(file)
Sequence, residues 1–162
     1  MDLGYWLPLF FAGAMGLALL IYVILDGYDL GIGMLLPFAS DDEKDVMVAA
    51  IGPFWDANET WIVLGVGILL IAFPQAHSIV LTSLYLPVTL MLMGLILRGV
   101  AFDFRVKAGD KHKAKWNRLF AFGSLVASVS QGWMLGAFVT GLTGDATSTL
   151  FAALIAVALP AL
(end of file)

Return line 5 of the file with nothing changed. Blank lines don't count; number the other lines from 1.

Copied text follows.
   151  FAALIAVALP AL